3. Speaker Mattiello’s coordinated assault against The Providence Journal on the House floor Tuesday was pretty extraordinary, even more so when Rep. Anastasia Williams quickly widened the critique to include a – correct – WPRI 12 story. (Williams’ speech seemed to be a spontaneous choice on her part, not a Mattiello-sanctioned move.) Rep. Chris Blazejewski – who is now on Mattiello’s leadership team despite backing the wrong horse in the 2014 race for speaker – used an appearance on this week’s Newsmakers to talk up the value of a free press, while arguing The Journal left out key facts in its front-page editorial critiquing absentee lawmakers. “The frustration you saw is that, making sure that all the relevant facts are available to making an evaluation as to the performance of the House Finance Committee and the General Assembly,” he said. But House Minority Leader Brian Newberry lambasted the speeches as “a debacle,” declaring: “It was an embarrassment to the House.” The speeches received wall-to-wall coverage on talk radio and front-page treatment in The Journal, but to some extent they may have backfired on House leadership by focusing more attention on legislative grants and Ethics Commission disclosures.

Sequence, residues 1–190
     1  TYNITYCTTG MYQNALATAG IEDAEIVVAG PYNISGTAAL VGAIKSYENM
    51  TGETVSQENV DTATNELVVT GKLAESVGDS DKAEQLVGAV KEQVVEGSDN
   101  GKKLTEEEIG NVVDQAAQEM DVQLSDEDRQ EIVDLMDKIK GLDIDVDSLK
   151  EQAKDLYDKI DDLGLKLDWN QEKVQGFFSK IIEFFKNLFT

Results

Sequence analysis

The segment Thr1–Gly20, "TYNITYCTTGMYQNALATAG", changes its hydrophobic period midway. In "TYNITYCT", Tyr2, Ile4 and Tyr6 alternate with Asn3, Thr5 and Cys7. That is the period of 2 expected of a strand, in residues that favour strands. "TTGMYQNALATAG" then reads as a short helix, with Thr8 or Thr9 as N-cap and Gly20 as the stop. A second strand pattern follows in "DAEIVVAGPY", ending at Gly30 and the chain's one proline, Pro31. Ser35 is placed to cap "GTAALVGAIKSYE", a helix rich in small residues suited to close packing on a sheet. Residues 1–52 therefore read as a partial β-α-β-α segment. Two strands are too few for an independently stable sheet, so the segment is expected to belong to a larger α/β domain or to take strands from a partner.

4. On Newsmakers, Rep. Blazejewski said House leadership is looking at making changes to traditional legislative grants (the small checks cut to little leagues and other favored local causes with the speaker’s permission) though the main focus right now is on fixing the much larger community-service grants program (which is tied to the Ray Gallison scandal). Leader Newberry suggested that if legislative grants must exist – he wants them gone altogether – they should be evenly distributed among the 75 House and 38 Senate districts, while Blazejewski countered that such a system could lead to abuses like those seen in Cianci-era road bonds. But not everyone is trashing legislative grants. Sen. Harold Metts, D-Providence, spoke up this week to defend the much-maligned program, saying it fulfills Christ’s mandate in Matthew 25:35-40. “As a senator who represents a working-class and poor district, with some parts that have upwards of 30% unemployment, I wish I could get more legislative grants,” he said. “My community relies on me to get as much as I can to help alleviate the pain and suffering of poverty.” Metts has requested $31,500 in legislative grants this fiscal year, including $5,000 for the Rhode Island Black Heritage Society and $3,000 for Oasis International.

5. A full Rhode Island? Walt Buteau reports on a ruling by Judge Lanphear that lawmakers can’t be arrested when the General Assembly is in session – in a case that has House Majority Leader John DeSimone representing Rep. Tom Palangio before a judge who was a Senate legal counsel for years.